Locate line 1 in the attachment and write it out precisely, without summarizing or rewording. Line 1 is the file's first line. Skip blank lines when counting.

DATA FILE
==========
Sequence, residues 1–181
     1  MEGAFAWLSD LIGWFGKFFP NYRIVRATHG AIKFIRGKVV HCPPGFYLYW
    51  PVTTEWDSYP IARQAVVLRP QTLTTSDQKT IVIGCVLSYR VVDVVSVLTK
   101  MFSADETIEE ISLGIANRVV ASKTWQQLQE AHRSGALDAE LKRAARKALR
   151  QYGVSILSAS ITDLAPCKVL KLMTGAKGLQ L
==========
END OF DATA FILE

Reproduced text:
Sequence, residues 1–181